All of the articles deserve praise and favorable comment, but I particularly focused on, and enjoyed reading, your feature on Linda Sue Shelby Lyons. I was there at SMU with Linda Sue,and I am relieved to learn that it was the advanced math that caused her to leave and go home to Waco and Baylor, and not my dancing. I did cause her to do a few fast turns around and perhaps even on the floor. She’s had occasion at our reunions to remind me of our dance-displays, more antics than graceful gliding, I’d say.

Linda Sue is one smart and accomplished lady and a credit to our WHS 1960 graduating class. Thanks for highlighting her and all the others whose stories bring us laughter, great memories, and even sometimes a tear for being “gone too soon.”
Sincerely, Joe Riley”

From Betty Barkley Flowers:
“I have just watched the Youtube video of “Don’t let the Old Man In”! and of course, just loved it!
What wise words for us all! “Don’t let the Old Woman in”, for us ladies!”

From Tommye Ruth Blair Toler:
“I enjoyed the newsy Town Crier. That song, Don’t Let the Old Man In, is a great song with a wonderful story. Thanks for sharing. I also enjoyed the stories from Hal Johnson and Jim Monnig and the newspaper clipping from David Dibb. The video of the couple dancing is great and, I agree, it will be David and Janie McPhail in years to come. I laughed at the story of Richard Quick and his “pets”. I also liked Richard’s photos in last Crier. We have some really great artists in our class!
And speaking of our artists, your article on Linda Shelby Lyons was fantastic. She is very talented in several areas. The paintings and the stained glass are so beautiful. I particularly liked Johnathan Livingston Seagull.

My thoughts and prayers to everyone who is ill or struggling with issues that come with our ages.”

From Norma Cissell Smith:
“I LOVED THE DANCING AND TOBI KEITH. ALL OF THE GRADS’ INFO WAS VERY INTERESTING, TOO. I REALLY ENJOYED EACH ARTICLE.”

From Cathey White Land:
“I loved the video and all the news. Keep ‘em coming, please!”

From Charlotte Suttle Kleibrink:
“It is so interesting to hear about everyone.”

From Clara Sue Griffis Arnsdorff: (on March 7)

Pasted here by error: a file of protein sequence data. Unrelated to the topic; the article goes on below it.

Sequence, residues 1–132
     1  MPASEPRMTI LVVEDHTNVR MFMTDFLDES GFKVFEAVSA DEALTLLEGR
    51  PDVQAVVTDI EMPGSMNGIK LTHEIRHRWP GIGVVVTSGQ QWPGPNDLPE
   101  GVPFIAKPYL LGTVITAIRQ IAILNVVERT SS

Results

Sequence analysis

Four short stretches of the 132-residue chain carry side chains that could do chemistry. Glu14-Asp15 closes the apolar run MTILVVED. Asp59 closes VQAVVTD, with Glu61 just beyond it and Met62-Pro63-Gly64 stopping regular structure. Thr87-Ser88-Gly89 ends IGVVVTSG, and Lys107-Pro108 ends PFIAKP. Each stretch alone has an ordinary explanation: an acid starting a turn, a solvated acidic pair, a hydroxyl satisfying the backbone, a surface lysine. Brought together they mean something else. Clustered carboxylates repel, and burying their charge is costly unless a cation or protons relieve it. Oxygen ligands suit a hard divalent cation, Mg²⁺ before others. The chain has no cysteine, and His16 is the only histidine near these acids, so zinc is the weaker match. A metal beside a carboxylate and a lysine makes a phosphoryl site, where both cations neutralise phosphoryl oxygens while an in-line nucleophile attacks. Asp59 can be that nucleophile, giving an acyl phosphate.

“I am ‘snowed in’ again, so reread the Town Crier again—and enjoyed it—again. I especially liked the humor. The one about ice on the windows really hit home. I sell lots of ‘stuff’ on Ebay, and am constantly calling my husband in to help….I am getting better, and sometimes, in my defense, it is NOT my fault. Many other times it is. That joke made me laugh out loud. Thanks.

We have had more than our share of snow this winter, and I have tried to catch up on things in the house….but that’s really no fun. Right now we have a fresh 6 inches of snow, and the piles on each side of the driveway are about 4 feet high—the snow blower throws it there, and it stays until Spring—or maybe Summer. The schools will have to add snow days to compensate for the frequent closures. I remember very few weather cancellations in Waco during our school days, but I’m sure there were some.”

From Bev Murphy Wells:
“Loved the Clint and Toby youtube story/song! Really enjoy reading about everyone’s travels and talents! Great story on Linda Shelby Lyons. Wow, what talent! We have so many talented class mates. The article on depression was enlightening.”

From David Dibb:
David Dibb ran across this old Football program. This was dated October 9, 1959 price-15 cents. My, my,…. how times change.

Does it bring back memories?

Linda Shelby Lyons:
Linda has still been undergoing tests for her health issues. If you will recall, she has two types of cancer. She is currently receiving a monthly shot for the neuroendocrine cancer and has had no side effects, so far. They are not able to operate on it due to the location by the inferior vena cava. Her throat tumor which is a different cancer is very tricky due to its size and location. The tumor is very near her carotid artery which makes surgery very risky. As of present, doctors think it is lymphoma but still want more biopsies. Most likely it will be treated by radiation and/or chemo. It is also inoperable.